Wednesday, 17 June 2015

Canterbury Property Market – Post Election Blues?

With the election now over and the stability of Downing Street secure, with David Cameron and his Blue Tories as the largest party in Westminster, in Canterbury (as in the rest of the UK) average wages are beginning to grow faster than inflation. This is good news for the Canterbury housing market, as some buyers may be willing or able to pay higher prices given the more certain political outlook and attractive inexpensive mortgage rates. However, sellers who think they have the upper hand due to the lack of property for sale should be aware that we should start to see an increase in the number of people putting their properties on to the market in Canterbury giving buyers some extra negotiating power.
At the last election in May 2010, there were 386 properties for sale in Canterbury and by October 2010, this had risen to 495, an impressive rise of 28% in five months. An increase in the supply of properties coming on to the market could tip the balance in the demand and supply economics seesaw, thus potentially denting prices. However, as most sellers are buyers and confidence is high, this means there will be good levels of property and buyers, well into the summer, as demand will continue to slightly outstrip supply.
Just before we leave the aftermath of the election, it is important to consider what the uncertainty in April did to the Canterbury property market. I mentioned a few weeks ago that property values (i.e. what properties were actually selling for) had dropped by 0.2% in March 2015. Now new data has been released from Rightmove about April’s asking prices of property in Canterbury. It shows that pre-election nerves finally came home to roost in the final weeks of electioneering, with the average price of property coming to market only increasing by a very modest 1.1% (April is normally one of the best months of the year for house price growth).
I am sure our local MP, Julian Brazier would agree that the biggest issue is the lack of new properties being built in Canterbury. The Conservative manifesto pledged to build 200,000 discounted starter homes for first-time buyers in the next five years. For Canterbury to gets its share, that would mean only 110 such properties being built in Canterbury each year for the next five years, not much when you consider there are 60,771 properties in Canterbury.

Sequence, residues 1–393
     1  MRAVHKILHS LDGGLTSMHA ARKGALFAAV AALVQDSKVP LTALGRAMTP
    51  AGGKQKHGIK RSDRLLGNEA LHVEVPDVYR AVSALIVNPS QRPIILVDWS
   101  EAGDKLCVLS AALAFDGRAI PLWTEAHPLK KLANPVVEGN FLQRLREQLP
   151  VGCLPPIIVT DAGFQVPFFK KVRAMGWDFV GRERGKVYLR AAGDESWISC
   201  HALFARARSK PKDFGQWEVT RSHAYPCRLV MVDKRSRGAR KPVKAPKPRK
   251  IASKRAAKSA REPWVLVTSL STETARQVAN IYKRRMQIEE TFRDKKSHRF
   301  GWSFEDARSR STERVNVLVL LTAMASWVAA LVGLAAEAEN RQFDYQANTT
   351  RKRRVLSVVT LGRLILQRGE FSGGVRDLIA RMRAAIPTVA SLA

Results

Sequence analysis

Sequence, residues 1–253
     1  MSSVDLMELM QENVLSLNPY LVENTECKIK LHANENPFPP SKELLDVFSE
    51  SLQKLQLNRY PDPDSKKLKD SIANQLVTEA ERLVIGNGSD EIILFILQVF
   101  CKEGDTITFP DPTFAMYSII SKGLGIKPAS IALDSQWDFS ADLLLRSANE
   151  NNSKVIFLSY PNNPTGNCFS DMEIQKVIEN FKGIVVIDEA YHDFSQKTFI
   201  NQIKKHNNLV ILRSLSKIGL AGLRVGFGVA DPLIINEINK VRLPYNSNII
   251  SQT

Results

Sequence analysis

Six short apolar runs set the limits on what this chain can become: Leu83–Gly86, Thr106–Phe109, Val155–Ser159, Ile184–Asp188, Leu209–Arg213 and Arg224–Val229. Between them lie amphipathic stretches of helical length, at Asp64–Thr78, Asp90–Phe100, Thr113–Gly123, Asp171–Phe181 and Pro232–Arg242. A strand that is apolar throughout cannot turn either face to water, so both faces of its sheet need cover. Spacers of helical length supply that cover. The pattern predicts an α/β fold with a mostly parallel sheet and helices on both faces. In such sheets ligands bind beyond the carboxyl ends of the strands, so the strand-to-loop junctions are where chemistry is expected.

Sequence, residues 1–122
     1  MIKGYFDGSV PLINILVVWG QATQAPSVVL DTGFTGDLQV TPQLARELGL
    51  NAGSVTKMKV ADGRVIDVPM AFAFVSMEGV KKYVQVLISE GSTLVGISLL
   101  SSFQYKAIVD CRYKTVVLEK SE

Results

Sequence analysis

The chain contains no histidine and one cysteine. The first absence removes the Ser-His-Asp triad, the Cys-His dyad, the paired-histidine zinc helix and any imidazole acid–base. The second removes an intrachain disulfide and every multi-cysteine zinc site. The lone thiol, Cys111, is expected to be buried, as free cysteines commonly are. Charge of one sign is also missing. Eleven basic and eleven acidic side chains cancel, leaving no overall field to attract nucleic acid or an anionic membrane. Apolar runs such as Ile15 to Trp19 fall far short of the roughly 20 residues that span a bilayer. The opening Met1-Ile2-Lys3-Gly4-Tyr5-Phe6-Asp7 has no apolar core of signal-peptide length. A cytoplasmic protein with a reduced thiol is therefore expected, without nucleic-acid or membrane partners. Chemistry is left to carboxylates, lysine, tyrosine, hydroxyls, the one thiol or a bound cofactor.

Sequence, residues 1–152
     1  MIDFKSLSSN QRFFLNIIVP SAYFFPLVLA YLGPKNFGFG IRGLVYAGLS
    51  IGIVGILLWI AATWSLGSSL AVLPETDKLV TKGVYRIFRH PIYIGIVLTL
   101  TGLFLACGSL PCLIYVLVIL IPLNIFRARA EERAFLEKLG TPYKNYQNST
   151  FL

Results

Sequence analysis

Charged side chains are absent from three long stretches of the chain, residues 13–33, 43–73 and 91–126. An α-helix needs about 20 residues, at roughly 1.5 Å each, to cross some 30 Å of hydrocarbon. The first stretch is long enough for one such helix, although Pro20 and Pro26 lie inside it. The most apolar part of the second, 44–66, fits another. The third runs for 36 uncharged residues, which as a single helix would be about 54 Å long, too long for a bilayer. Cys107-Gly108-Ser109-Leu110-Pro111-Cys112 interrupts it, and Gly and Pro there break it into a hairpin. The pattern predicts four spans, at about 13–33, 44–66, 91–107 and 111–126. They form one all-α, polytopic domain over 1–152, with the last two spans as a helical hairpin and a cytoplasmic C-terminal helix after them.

Housing is not a big issue for Conservative voters and because London is an increasingly Labour city where the biggest housing issues are found by a country mile, so will it remain on the ‘to do list’ but won’t get recognition it deserves. Until another political party gets back into power, nothing will seismically change in the property market, thus demand for housing will continue to outstrip supply, meaning property values will increase (good news for landlords). However, as rents tend to go up and down with tenant wages, in the long term, rents are still only 7.4% higher than they were in 2008 (good news for tenants)... with renting everyone wins!

Tuesday, 9 June 2015

Is the Canterbury Property Market in crisis?

Since the 1960’s more people have owned their own home than rented but, for many young Canterbury people, the dream of buying their own home is dying...or is it? Since the turn of the Millennium, in Canterbury (as in the rest of the Country) there has been a significant change in the proportion of people who own their own home in Canterbury. In 2001, 72.4% of homes in Canterbury were owner occupied, today the figure is 65.9%, a significant decline in such a short time.  Buy to let landlords can find tenants because young people say they cannot afford a deposit to buy, unless they inherit money or are given a loan from the Bank of Mum and Dad
In Canterbury, only 35.74% of 25 to 34 year olds have a mortgage. When you compare Canterbury against the national average of 35.93%, it just shows how different parts of the country have different housing markets. However, the really interesting fact is this  ...Roll the clock back to 1991 and nationally, 67% of 25 to 34 year olds had a mortgage. After WW2, the supply of properties being built kept up with demand as millions of council homes were built (the most being built in 1950s, surprisingly under Tory Governments!). Also private house building increased in the 1950’s, but especially in the 1960’s and 1970’s, and as the Country  got more prosperous it meant that by 1971, there were more home owners than renters.